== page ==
CoQ10 and Chronic Heart Failure

Byron's Comments:

A small but useful study showing that Q10 may be able to help patients whose hearts are struggling.

Study Title:

The effects of coenzyme Q10 on morbidity and mortality in chronic heart failure: results from the Q-SYMBIO study

Study Abstract:

Press release from MedPage today:

When added to conventional therapies, a supplement containing the antioxidant coenzyme Q10 (CoQ10) improved outcomes in patients with moderate-to-severe chronic heart failure, a small placebo-controlled trial showed.

At 2 years, the patients who received the supplement had a significantly lower rate of major adverse cardiovascular events than those who did not take CoQ10 (14% versus 25%), which worked out to a doubling in freedom from those events (HR 2.o, 95% CI 1.3-3.2), according to Svend Aage Mortensen, MD, DMSc, of Copenhagen University Hospital.

Both all-cause and cardiovascular mortality were significantly reduced in the supplement group, and there was a nonsignificant trend toward fewer adverse events (P=0.073), he reported at the Heart Failure Congress here.

Based on the findings, committees in charge of crafting practice guidelines might think about including information about CoQ10 as an option to be used with other heart failure therapies, Mortensen said in an interview with MedPage Today.

“CoQ10 could be considered as adjunctive treatment in heart failure,” he said.

But Aldo Maggioni, MD, who was on the task force that developed the 2012 European Society of Cardiology heart failure guidelines, told MedPage Today that the results were not practice changing, pointing to the low number of patients included in the trial (420) and the low number of MACE events (84).

“You cannot change clinical practice all over Europe basing your conclusion on that,” he said.

Maggioni said that if no other data were to become available, updated guidelines would probably mention the results of the current study—which he called interesting and encouraging—without making a specific recommendation.

“If you can use a dietary supplement—a natural product—without any kind of adverse event it is really very useful, taking into consideration that patients with heart failure are treated with a lot of drugs,” he said. “And to have something natural without side effects—without interactions with other drugs—is very important.”

But, he said, “in my opinion, I think that to confirm this hypothesis it is necessary to have a real large-scale clinical trial.”

CoQ10 is naturally produced in the body and is involved in energy production. It was first described in the 1950s and is now sold over the counter as a supplement.

Previous studies have shown that levels of CoQ10 are lower in cardiac biopsy samples from patients with more severe heart failure and that low plasma levels are associated with increased mortality in heart failure.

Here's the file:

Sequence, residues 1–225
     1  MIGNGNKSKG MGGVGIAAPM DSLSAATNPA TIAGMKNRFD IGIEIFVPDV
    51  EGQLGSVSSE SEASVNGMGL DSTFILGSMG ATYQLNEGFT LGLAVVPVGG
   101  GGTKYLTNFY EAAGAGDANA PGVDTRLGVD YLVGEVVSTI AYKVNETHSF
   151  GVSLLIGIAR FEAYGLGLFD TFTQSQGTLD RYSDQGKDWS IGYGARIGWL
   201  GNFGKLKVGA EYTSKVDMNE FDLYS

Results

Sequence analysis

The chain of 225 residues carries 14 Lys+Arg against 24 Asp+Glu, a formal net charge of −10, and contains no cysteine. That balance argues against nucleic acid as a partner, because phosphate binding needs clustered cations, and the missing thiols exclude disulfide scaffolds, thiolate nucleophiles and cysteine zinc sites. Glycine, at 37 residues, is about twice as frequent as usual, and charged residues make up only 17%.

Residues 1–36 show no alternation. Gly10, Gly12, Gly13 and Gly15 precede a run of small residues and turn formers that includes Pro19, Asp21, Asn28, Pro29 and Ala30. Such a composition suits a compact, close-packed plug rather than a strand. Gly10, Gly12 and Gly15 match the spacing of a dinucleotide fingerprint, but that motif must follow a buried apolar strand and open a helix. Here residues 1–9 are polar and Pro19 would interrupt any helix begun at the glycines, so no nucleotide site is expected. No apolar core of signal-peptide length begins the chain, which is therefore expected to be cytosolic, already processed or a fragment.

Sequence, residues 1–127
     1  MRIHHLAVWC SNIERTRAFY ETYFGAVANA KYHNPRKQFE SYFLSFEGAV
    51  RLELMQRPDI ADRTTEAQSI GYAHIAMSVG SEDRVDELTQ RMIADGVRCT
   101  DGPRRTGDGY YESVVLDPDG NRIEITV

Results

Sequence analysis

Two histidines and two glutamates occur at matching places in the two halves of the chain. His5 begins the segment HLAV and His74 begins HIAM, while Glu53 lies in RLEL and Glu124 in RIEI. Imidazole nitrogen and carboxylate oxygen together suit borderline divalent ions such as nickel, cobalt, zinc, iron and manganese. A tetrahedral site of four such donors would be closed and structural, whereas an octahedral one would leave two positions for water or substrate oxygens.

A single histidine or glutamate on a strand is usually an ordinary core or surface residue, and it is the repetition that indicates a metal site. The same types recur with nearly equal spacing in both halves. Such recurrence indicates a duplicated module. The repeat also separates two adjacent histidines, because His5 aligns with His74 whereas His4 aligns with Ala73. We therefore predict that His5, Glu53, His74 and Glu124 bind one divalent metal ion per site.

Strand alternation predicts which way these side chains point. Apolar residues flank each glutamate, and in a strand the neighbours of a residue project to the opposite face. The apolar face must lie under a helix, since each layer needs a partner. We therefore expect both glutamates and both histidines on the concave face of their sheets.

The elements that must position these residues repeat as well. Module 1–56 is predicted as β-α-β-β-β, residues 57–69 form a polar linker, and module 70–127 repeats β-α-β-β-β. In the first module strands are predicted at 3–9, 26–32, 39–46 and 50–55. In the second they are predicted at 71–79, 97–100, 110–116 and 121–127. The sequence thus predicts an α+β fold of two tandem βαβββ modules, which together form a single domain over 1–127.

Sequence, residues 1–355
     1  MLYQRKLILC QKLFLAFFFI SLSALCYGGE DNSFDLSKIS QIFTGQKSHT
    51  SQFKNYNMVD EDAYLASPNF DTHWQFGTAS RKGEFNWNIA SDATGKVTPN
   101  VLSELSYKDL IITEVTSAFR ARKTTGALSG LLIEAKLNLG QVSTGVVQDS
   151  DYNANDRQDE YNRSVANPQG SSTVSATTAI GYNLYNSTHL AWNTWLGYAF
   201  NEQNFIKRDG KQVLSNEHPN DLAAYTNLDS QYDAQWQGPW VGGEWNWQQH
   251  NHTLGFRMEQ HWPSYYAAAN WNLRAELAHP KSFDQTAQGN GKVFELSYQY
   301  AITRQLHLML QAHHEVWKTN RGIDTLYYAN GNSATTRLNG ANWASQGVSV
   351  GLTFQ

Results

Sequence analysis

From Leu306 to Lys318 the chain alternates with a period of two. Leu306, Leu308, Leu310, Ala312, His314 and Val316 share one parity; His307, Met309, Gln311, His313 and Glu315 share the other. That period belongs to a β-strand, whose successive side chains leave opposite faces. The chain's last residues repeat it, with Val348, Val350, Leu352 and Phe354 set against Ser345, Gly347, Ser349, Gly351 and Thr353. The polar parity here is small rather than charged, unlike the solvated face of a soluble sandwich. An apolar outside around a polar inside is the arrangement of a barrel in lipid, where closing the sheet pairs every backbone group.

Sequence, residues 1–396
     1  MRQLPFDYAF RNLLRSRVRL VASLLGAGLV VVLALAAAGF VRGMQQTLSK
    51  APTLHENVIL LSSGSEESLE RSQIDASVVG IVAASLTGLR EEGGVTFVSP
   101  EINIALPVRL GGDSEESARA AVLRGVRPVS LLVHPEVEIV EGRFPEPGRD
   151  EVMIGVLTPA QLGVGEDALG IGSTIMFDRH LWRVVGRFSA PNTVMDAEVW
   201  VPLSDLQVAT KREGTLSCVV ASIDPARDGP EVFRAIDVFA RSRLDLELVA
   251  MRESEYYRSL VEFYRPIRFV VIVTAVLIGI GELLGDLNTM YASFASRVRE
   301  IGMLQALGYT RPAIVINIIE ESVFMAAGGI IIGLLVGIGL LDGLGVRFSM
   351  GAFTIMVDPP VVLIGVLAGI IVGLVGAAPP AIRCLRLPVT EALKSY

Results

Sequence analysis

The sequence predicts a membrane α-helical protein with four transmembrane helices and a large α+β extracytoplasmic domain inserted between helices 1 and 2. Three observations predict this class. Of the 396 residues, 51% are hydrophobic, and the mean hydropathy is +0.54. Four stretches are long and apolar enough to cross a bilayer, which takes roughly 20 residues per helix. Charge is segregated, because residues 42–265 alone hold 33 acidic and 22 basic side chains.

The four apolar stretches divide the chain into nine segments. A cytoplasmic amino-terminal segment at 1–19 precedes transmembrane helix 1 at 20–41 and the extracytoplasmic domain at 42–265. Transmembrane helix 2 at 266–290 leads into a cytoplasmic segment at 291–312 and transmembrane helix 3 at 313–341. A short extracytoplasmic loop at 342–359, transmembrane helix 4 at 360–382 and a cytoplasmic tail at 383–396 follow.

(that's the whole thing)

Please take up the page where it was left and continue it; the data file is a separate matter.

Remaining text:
Smaller trials have demonstrated some benefits from CoQ10 in patients with heart failure, but none was sufficiently powered to demonstrate an effect on survival.

Mortensen’s Q-SYMBIO study—conducted at 17 centers in Australia, Austria, Denmark, Hungary, India, Malaysia, Poland, Slovakia, and Sweden—was designed to address that issue. It included 420 patients with chronic heart failure and New York Heart Association class III or IV disease. Most had a reduced ejection fraction (average 31%). The average age of the patients was 62.3.

On the background of standard heart failure therapy, patients were randomized to receive either CoQ10 100 mg three times daily or placebo. The primary long-term endpoint was a composite of unplanned hospitalization due to worsening heart failure, cardiovascular death, urgent cardiac transplantation, or mechanical support at 2 years, but there was also a short-term assessment performed at 3 months.

After 3 months, the percentage of patients who had improvements in NYHA class was similar in the two groups (44% with CoQ10 versus 39% with placebo).

But after 2 years, the percentage who improved was greater in the CoQ10 group (58% versus 45%, P=0.047). Mortensen said that some patients improved from class IV to class I.

In addition to the primary endpoint of MACE, there were significant reductions in all-cause death (9% versus 17%, P=0.03) and cardiovascular death (8% versus 15%, P=0.02) in the CoQ10 group.

The benefits were consistent across various subgroups.

CoQ10 is available as an over-the-counter supplement, but Mortensen said that patients should not start taking it without discussing it with their doctors. He noted, however, that there is no evidence of interactions with established heart failure medications.

Maggioni agreed that the risks of adverse events or drug interactions are very small with CoQ10.

“I do not recommend [that patients] buy and take this kind of supplement, but I’m not worried if the patients are impressed by the results and want to use this kind of approach,” he said. “It is surely safe.”

Study Information:

Mortensen S, et al  The effects of coenzyme Q10 on morbidity and mortality in chronic heart failure: results from the Q-SYMBIO study Heart Failure Congress, Lisbon, Spain. 2013 May 
Copenhagen University Hospital

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